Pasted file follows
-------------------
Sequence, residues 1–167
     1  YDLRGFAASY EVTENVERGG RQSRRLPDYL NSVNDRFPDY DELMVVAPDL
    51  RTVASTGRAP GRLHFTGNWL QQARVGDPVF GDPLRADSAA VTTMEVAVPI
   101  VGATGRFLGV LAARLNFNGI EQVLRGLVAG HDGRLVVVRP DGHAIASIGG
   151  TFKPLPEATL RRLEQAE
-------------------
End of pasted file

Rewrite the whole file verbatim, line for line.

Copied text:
Sequence, residues 1–167
     1  YDLRGFAASY EVTENVERGG RQSRRLPDYL NSVNDRFPDY DELMVVAPDL
    51  RTVASTGRAP GRLHFTGNWL QQARVGDPVF GDPLRADSAA VTTMEVAVPI
   101  VGATGRFLGV LAARLNFNGI EQVLRGLVAG HDGRLVVVRP DGHAIASIGG
   151  TFKPLPEATL RRLEQAE